To the state victors go the congressional spoils.
Better that legislatures draw the lines than courts, but better still that some objective standard, like a grid, be used. Lines like this, from the AP story, make me wince:
Justice Anthony M. Kennedy, writing for the majority, said Hispanics do not have a chance to elect a candidate of their choosing under the plan.
De facto racial gerrymanders not only do more, arguably, to disempower minorities than to empower them (by shunting them out of areas where their votes might decide the election and into majority-minority districts), but they’re poisonous in providing an infrastructure to support identity politics. Non-racial gerrymanders provide an infrastructure, too, of course — of incumbency, by making 90% of congressional elections foregone conclusions. It ends up as a quasi-parliamentary system where each district is configured so that the party is assured a seat no matter whom it nominates; they might as well have the people vote by party and then let the winner choose whom among its ranks it wants to send to Congress.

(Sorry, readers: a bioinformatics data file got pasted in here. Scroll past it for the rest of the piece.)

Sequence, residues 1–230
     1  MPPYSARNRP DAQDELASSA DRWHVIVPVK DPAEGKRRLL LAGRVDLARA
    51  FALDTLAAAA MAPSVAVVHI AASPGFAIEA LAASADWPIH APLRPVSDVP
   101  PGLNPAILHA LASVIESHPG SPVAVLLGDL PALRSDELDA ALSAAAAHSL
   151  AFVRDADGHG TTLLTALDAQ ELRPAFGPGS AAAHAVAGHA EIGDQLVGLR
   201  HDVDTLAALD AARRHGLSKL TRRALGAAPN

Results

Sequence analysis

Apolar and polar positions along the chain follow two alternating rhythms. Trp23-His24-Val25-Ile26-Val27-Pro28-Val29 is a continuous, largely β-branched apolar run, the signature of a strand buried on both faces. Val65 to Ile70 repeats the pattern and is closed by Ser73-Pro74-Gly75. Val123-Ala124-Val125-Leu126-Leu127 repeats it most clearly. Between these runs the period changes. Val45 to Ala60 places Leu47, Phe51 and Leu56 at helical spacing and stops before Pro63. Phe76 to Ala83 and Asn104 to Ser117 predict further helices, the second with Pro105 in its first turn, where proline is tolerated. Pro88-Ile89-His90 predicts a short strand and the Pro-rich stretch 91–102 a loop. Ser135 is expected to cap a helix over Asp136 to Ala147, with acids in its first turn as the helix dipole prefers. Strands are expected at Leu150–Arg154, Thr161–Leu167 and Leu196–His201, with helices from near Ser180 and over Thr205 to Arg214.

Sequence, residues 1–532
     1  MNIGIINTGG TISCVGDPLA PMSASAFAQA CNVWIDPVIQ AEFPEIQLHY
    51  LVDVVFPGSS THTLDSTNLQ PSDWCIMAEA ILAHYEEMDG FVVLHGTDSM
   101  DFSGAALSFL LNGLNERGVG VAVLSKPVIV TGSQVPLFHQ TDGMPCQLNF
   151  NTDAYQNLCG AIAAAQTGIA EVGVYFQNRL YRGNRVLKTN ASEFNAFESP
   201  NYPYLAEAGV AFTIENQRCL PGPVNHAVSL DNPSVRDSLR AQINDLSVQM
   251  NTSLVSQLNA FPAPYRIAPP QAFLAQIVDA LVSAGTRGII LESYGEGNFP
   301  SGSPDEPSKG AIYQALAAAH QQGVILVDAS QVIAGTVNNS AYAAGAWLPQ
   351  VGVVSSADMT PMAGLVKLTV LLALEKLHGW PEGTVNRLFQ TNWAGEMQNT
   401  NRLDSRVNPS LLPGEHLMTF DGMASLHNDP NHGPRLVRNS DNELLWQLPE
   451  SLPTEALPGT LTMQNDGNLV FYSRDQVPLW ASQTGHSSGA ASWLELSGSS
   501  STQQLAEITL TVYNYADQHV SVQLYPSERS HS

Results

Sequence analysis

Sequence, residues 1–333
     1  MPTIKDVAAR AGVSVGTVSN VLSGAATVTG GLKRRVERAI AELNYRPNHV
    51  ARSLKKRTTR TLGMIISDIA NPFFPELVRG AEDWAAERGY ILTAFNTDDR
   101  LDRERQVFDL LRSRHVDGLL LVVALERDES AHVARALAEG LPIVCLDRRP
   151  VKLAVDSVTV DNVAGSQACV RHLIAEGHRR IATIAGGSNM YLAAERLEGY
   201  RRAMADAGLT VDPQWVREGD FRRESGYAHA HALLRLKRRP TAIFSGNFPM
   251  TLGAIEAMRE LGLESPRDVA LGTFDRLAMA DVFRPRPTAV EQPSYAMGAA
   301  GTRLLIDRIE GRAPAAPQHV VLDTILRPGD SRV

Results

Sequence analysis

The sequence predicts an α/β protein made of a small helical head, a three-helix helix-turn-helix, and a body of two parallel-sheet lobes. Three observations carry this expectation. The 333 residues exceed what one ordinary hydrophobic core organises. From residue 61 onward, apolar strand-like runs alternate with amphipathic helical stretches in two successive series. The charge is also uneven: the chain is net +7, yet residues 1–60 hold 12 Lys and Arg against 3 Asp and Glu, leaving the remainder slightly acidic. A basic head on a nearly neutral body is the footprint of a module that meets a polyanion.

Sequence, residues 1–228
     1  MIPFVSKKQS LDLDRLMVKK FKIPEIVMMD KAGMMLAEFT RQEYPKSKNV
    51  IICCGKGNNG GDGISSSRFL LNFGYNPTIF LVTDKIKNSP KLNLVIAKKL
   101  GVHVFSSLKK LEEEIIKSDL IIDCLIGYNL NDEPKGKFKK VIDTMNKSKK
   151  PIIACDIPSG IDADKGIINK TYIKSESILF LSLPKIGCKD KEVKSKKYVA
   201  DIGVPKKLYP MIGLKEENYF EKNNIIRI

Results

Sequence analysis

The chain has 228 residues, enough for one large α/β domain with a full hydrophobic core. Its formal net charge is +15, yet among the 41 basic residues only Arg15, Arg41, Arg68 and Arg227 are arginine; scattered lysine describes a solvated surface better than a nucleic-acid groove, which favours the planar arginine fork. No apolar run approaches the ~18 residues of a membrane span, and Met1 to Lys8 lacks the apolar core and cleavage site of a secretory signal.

Moran notes, correctly, that the real blockbuster is the Court’s holding that state legislatures can redraw district lines anytime they want instead of just once per decade. Which means, obviously, that local elections just got a lot more important vis-a-vis national business. Good news for federalism and better news for the GOP if it rolls craps in the Congressional elections this November but holds power at the state level. We’ll see how various state legislatures take the news, and which ones move quickly to press the majority party’s advantage.